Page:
Genetic ontology of DEGs specific to anaplastic oligodendroglioma. (A) Biological process; (B) Cellular component; (C) Molecular function; (D) Pathways.
Genetic ontology of DEGs specific to glioblastoma. (A) Biological process; (B) Cellular component; (C) Molecular function; (D) Pathways.
Volcano plot of differential miRNA expression in anaplastic astrocytoma. The abscissa axis represents the logFC value, and the ordinate axis represents –log10 (P-value with FDR correction). Genes with logFC > 1 and logFC <-1 (with a p-value <0.05) are marked in red and green, respectively. The labels indicate the “top 10” miRNAs with reduced/increased expression.
Volcano plot of differential miRNA expression in diffuse oligodendroglioma. The abscissa axis represents the logFC value, and the ordinate axis represents –log10 (P-value with FDR correction). Genes with logFC > 1 and logFC < -1 (with a p-value <0.05) are marked in red and green, respectively. The labels indicate the “top 10” miRNAs with reduced/increased expression.
Volcano plot of differential miRNA expression in anaplastic oligodendroglioma. The abscissa axis represents the logFC value, and the ordinate axis represents –log10 (P-value with FDR correction). Genes with logFC > 1 and logFC < -1 (with a p-value <0.05) are marked in red and green, respectively. The labels indicate the “top 10” miRNAs with reduced/increased expression.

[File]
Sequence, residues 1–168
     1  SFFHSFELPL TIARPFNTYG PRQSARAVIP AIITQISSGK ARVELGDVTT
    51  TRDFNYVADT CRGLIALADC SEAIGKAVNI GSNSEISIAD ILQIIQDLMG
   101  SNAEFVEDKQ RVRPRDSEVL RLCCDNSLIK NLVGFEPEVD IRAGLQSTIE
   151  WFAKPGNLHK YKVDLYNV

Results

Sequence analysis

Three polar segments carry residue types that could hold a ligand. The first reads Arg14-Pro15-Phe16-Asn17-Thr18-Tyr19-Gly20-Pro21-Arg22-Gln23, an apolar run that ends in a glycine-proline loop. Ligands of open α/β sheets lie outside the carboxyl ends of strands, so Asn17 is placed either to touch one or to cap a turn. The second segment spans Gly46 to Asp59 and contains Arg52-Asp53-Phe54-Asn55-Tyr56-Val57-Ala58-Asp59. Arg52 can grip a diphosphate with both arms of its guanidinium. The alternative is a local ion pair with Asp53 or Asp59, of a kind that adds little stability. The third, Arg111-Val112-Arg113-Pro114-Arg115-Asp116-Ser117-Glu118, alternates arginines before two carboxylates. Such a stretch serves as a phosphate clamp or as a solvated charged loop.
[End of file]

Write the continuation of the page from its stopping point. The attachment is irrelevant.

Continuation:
Volcano plot of differential miRNA expression in glioblastoma. The abscissa axis represents the logFC value, and the ordinate axis represents –log10 (P-value with FDR correction). Genes with logFC > 1 and logFC <-1 (with a p-value <0.05) are marked in red and green, respectively. The labels indicate the “top 10” miRNAs with reduced/increased expression.
Interactome analysis of genes associated with overall survival in anaplastic astrocytoma clustered according to the p-value of protein-protein interactions.
Interactome analysis of genes associated with overall survival in diffuse oligodendroglioma clustered according to the p-value of protein-protein interactions.